• Anchorage Democratic Rep. Andy Josephson now has a safe 4-point lead over Republican challenger Kathy Henslee. Things looked pretty tight on election night for Josephson, who got the nod over Democratic Rep. Chris Tuck to run in the district that they shared following redistricting, but he’s good now at 51.98%.
  • Anchorage Democratic candidate Donna Mears has now taken the lead over Republican Forrest Wolfe in the southern East Anchorage House district. This is the same one that was won by Democratic Rep. Liz Snyder by 11 votes in 2020. Mears is up by 78 votes, sitting just north of an outright majority with it 50.5-49.3.
  • Anchorage Democratic candidate Ted Eischeid is gaining on Republican Stanley Wright for the northern East Anchorage House seat and currently trails by… 78 votes. With far fewer votes cast in this district than the southern one (about half), the margin looks bigger with the race currently standing 50.89-48.72.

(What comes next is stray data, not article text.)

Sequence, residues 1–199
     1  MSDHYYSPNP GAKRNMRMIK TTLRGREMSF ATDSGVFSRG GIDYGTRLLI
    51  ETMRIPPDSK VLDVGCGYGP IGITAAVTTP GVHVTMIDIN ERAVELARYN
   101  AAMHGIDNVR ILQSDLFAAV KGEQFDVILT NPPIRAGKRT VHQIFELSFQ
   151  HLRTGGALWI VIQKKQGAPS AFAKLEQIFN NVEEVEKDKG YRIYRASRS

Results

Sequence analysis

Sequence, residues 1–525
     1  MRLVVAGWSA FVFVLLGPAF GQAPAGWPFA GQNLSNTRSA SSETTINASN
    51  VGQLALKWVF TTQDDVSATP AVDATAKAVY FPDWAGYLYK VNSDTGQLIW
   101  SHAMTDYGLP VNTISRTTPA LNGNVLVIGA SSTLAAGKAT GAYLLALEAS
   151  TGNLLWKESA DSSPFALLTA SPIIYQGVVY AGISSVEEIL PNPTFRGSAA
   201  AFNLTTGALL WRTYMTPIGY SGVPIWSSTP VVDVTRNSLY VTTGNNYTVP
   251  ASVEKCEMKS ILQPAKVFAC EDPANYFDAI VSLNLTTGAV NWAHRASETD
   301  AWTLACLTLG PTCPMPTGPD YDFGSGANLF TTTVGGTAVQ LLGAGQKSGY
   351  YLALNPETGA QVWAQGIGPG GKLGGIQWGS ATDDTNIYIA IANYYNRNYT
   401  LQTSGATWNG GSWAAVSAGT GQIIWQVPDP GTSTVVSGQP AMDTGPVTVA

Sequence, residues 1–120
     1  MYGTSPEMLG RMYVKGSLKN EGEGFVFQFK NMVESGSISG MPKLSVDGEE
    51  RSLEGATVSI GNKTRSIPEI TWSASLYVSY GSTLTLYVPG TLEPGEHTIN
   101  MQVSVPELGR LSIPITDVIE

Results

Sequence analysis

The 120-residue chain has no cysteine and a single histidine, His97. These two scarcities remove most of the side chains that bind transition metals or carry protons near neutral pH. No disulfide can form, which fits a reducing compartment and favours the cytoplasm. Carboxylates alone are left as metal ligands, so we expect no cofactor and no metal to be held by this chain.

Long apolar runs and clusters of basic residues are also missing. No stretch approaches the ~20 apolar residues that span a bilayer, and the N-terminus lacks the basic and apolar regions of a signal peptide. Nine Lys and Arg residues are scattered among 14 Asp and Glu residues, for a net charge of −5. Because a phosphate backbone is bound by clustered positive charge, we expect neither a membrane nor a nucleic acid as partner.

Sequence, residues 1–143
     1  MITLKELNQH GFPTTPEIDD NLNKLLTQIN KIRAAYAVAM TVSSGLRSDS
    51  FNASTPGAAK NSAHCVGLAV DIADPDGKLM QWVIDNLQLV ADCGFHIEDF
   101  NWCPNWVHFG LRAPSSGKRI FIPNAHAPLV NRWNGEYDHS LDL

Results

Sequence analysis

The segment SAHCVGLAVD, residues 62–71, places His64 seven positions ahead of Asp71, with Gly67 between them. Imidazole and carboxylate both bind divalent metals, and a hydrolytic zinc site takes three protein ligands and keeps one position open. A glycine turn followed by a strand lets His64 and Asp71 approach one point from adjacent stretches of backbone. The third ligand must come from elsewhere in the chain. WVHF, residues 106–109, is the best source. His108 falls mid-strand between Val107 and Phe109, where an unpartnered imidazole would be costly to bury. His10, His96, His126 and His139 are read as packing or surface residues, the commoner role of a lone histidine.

• Anchorage Democratic candidate Denny Wells continued to improve and is on the cusp of pulling off an upset in the conservative South Anchorage House district against Republican Rep. Tom McKay and Republican David Eibeck. Wells increased his share of the vote to 46.15% to McKay’s 39.16% and Eibeck’s 14.18%. It’s likely it’ll come down to the RCV tabulation, but Wells has to be feeling good.
  • Nonpartisan candidate Walter Featherly also saw his lead in the race for another South Anchorage House district improve and currently sits at 45% of the vote against Republicans Julie Coulombe (39.1%) and Ross Bieling (15.35%). Like the above race, it’ll come down to just how coordinated the two trailing Republican candidates were when it comes to ranked-choice voting.

What’s next: The next big drop of results is expected on Friday, which should also include results on Rep. Foster’s race. RCV tabulation—where several other close races not mentioned here will be decided—is scheduled to take place next Wednesday.

More from TMS

Be the first to comment on "Democrats, independents make key gains in latest legislative results"

Leave a comment

Your email address will not be published.